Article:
When the hunger becomes unbearable, teens in the US resort to desperate measures. A new study by a DC think tank finds that some teens in poor communities sell their bodies just so they and their families can eat.
The United States is one of the wealthiest countries in the world. And yet it cannot ensure that the most basic human needs are covered for all of its people. Teenagers in poor communities all across the country are so desperate for food that they steal, deal drugs and even offer sexual services in exchange for a warm meal. That's what a report by Washington DC-based think tank Urban Institute (UI) reveals.
"It's really like selling yourself," a teenage girl in Portland in the western state of Oregon told UI researchers. "You'll do whatever you need to do to get money or eat."
Over the course of the last three years, UI researchers spoke with 193 teens aged 13 through 18. They listened to a group of boys and a group of girls each in 10 poor communities across the US, from Chicago to Los Angeles and from rural North Carolina to eastern Oregon.
Their results paint a picture of "impossible choices imposed upon teenagers who are forced to transition into adulthood much too quickly," the Institute states on its website.
That's how the report got its name: "Impossible Choices - Teens and Food Insecurity in America."
Too hungry to fall asleep
The report cites recent population survey data saying that approximately 6.8 million US youths between the ages of 10 and 17 struggle to have enough to eat on a regular basis, including 2.9 million boys and girls who have very low food security.
This doesn't mean going hungry for a few hours because you forgot to bring lunch or not being able to afford your favorite restaurant. Some of the families affected run out of money to spend on food toward the end of the month. Teens will save their school lunch to eat at dinner time, according to the report, so they aren't too hungry to fall asleep at night. They're hanging around friends' houses hoping to get a meal with them. And older teens go hungry to make sure their younger siblings can eat.
"We heard the same story everywhere, a really disturbing picture about hunger and food insecurity affecting the well-being of some of the most vulnerable young people," the study's lead author Susan Pokin told British daily "The Guardian."
While the US is a wealthy country in general, that wealth is not evenly distributed. "Working-class wages have stalled, and cash assistance from government programs has wilted," the report explains. Additionally, many teens aren't aware of institutions like food banks that could help feed their families, feel like they have no one to turn to - or are too embarrassed to ask for help.
"Teens feel more bad about [hunger] because they have more insecurities about themselves," a teenage boy in San Diego told UI researchers. "Poor kids are the outcasts. People [are] nasty to you."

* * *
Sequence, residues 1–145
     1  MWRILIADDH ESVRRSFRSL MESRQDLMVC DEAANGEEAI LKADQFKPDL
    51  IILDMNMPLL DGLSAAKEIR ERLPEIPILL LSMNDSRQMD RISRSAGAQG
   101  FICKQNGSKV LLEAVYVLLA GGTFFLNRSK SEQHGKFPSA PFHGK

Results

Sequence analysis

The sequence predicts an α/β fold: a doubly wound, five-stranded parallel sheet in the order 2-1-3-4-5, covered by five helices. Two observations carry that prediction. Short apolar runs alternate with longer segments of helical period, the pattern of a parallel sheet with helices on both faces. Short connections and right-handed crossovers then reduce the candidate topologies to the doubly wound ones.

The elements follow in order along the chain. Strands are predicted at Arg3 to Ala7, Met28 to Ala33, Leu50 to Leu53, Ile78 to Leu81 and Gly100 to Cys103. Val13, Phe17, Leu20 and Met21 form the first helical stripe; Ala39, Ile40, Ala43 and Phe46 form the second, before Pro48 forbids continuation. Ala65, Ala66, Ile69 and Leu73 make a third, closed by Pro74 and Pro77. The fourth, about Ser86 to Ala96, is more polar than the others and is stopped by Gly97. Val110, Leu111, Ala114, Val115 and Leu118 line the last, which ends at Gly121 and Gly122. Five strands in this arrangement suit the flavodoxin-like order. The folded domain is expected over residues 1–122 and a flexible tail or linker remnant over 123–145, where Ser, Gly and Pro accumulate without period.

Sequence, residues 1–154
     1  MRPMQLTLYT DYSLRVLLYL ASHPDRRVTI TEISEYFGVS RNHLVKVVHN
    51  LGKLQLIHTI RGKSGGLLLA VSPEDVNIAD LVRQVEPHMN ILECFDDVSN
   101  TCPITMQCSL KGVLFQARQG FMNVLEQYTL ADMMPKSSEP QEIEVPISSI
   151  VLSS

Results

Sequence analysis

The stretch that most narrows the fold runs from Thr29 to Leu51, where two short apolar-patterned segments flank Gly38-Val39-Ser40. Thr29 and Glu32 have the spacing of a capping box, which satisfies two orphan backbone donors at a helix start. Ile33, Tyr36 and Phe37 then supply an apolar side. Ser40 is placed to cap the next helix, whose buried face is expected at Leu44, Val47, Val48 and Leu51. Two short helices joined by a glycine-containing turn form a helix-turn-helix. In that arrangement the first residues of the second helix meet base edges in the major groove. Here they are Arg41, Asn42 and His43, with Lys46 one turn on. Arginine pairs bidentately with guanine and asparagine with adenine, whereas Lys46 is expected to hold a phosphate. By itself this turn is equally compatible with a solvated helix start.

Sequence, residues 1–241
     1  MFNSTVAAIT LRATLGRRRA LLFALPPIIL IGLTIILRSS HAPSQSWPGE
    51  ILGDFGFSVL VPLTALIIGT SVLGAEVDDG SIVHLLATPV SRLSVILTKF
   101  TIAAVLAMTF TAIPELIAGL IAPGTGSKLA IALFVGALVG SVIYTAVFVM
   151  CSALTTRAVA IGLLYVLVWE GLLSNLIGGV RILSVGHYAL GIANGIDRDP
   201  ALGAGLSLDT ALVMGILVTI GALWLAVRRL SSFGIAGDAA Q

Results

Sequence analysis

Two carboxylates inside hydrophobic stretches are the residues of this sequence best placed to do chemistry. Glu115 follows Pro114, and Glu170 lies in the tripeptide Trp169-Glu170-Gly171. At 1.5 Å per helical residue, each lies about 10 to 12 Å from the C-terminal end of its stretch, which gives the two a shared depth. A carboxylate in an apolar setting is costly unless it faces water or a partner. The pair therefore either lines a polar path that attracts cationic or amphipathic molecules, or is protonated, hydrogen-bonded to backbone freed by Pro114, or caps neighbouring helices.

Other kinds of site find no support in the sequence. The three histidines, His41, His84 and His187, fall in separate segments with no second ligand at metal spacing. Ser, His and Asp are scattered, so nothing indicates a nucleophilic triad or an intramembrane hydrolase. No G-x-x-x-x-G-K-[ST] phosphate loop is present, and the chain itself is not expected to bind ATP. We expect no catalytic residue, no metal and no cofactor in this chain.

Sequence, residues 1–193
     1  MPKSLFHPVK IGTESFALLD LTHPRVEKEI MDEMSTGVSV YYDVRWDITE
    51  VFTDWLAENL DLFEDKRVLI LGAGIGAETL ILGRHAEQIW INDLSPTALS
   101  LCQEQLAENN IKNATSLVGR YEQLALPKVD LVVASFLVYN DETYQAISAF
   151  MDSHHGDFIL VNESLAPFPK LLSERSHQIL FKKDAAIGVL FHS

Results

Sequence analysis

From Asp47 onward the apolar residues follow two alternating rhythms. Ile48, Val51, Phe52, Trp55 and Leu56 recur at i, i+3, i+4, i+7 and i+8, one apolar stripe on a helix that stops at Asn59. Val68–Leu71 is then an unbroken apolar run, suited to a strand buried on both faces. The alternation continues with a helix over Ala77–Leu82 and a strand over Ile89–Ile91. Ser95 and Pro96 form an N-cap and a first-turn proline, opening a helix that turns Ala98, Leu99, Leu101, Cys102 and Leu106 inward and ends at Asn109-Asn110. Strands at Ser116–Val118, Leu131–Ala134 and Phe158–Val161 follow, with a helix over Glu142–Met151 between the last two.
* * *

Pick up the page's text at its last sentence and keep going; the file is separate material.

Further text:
Faced with acute food insecurity, teens turn to desperate measures. Almost all of them would prefer to work regular jobs to support their families, but for inexperienced teens, it's hard to find work, especially in poor communities. That's why they start shoplifting, selling drugs - or exchanging sex for money. Teens in all 10 communities that the Urban Institute visited said they knew about girls their own age who sold their bodies to be able to buy food.
The youth shared stories about girls stripping or offering sexual favors to strangers for money. A girl in San Diego said her friend dropped out of high school to support her family and started "selling herself." And boys in Los Angeles said they had seen girls in middle school (grades five or six through eight) put up flyers in public places advertising their "services."
Even more common, according to the "Impossible Choices" report, is so-called transactional dating, which is nothing like actual dating at all. No butterflies in your stomach, no introducing a boyfriend to mom and dad, no sweet hand-holding. Instead, girls will regularly go out with an often much older man for the dinner he might buy them before sex.
"When you're selling your body, it's more in disguise. Like 'If I had sex with you, you have to buy me dinner tonight.' … That's how girls deal with the struggle," a boy from rural North Carolina explained.
These "relationships" become a "key survival strategy" for some girls, according to the report. One girl in Washington DC told the story of her friend, 17, who was going out with a 40-year-old man who had money. Teens in other focus groups talked about transactional dating between girls and high school boys who had made money by selling drugs.
A phrase that came up often in the discussions between teens and UI researchers: these girls "do what they have to do" so they or their families don't go hungry.